Manga of the Month: BasaraFebruary 4, 2014
Basara (バサラ) by Yumi Tamura
Before anyone even thinks it, I know this series is woefully out-of-print. However, I was finally able to read more of it thanks to the library so I’m hoping others can do the same. And amazingly, it is available digitally!
Basara is a classic, fantasy series set in a future (yup!) Japan which has been devastated by war and environmental destruction. A loss of energy and technology has pushed people back to a simpler time and allowed for the country to be conquered by the harsh, oppressive Saffron Clan. In the desert region controlled by The Red King, there is a small village with a prophecy about The Child of Destiny that will lead the people against their oppressors.
That child is a young boy named Tatara. But unlike some other stories, this king does not let it go unchecked or laugh it off, oh no he roots out the rebellion while the child is still young. Tatara is killed when the village is attacked; the army leaves believing they have eliminated their problem. (This part, by the way, is very violent and sets the tone for much of the series.) But Tatara’s twin sister Sarasa makes a hasty decision: pretend she was killed instead, and become “Tatara” with the help of a small group who know the truth. Sarasa sets out to unite the villages and bring down the tyrants who have taken so much from her.
Sarasa becomes “Tatara” in everyday life, so much so she can start to forget herself. The exception is when she sneaks away to the secluded hot springs; on one such visit she meets a boy her age and ends up starting a distant love affair. Little did she know the man she met is The Red King whom she has sworn to destroy; and little did he know she is The Child of Destiny he is so desperately trying to snuff out.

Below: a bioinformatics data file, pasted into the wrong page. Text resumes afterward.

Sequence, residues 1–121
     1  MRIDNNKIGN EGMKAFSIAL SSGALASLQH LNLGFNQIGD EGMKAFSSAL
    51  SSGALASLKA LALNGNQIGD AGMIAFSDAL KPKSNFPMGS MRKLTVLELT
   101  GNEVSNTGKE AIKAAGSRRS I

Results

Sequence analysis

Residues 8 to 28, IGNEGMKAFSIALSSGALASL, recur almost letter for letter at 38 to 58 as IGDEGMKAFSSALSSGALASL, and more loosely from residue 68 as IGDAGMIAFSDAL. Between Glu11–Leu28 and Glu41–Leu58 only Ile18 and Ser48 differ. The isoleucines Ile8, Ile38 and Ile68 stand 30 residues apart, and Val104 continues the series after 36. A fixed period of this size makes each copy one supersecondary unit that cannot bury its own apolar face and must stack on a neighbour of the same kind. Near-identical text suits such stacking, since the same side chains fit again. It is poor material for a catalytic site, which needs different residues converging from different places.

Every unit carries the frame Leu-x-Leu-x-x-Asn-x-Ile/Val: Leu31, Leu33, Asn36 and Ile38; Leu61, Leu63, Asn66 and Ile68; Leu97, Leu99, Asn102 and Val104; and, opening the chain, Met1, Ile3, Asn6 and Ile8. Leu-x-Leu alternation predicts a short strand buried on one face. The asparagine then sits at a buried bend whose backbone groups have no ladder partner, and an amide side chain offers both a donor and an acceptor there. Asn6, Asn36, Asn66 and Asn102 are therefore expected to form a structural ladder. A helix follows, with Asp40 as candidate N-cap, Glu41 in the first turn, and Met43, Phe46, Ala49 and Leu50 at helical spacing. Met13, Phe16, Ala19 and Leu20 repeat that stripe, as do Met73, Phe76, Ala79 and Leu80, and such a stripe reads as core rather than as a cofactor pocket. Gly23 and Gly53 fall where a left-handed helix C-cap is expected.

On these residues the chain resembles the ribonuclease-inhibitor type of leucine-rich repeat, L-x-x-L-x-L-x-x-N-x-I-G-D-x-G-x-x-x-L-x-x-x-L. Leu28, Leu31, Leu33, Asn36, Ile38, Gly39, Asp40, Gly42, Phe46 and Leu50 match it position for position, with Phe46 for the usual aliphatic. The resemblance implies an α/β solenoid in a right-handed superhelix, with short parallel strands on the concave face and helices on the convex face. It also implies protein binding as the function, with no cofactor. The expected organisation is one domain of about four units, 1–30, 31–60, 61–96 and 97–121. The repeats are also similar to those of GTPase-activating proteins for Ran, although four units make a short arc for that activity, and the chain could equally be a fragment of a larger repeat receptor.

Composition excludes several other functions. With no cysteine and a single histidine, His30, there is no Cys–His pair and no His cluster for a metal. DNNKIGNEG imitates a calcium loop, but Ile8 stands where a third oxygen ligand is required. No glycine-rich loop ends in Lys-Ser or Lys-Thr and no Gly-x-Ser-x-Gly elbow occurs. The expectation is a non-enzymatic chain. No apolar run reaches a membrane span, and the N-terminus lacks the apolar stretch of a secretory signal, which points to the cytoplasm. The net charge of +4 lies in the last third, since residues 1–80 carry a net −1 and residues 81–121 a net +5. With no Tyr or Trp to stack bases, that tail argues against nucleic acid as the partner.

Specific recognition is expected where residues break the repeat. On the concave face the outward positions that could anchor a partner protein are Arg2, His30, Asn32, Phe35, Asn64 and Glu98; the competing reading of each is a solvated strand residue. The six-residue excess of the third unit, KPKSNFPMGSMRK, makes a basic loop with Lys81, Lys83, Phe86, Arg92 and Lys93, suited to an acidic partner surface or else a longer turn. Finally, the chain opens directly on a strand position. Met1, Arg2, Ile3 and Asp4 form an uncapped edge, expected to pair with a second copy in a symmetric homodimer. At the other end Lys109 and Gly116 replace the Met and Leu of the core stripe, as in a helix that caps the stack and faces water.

Sarasa is wonderfully headstrong, and so fearless to the point of undervaluing her life. She has lost her identity and it shows so well as she becomes the idea of “Tatara.” Sarasa struggles with all the aspects of her life she has lost: the villages’ relief that Sarasa died instead; the constant masquerade; not being able to experience developing into womanhood in any normal way. But even if it stemmed from a lie, she is truly changing the course of her world and doing things she never thought herself possible of. She is surely a better “Tatara” than the namesake ever would have been.
The melodrama is high as the manga barrels toward revolution. Sarasa sets in motion a bloody conflict, spanning the continent, which is fraught with secrets and danger. And of course many surprises along the way, do not believe for a second The Red King is what he seems. An epic fantasy sure to satisfy.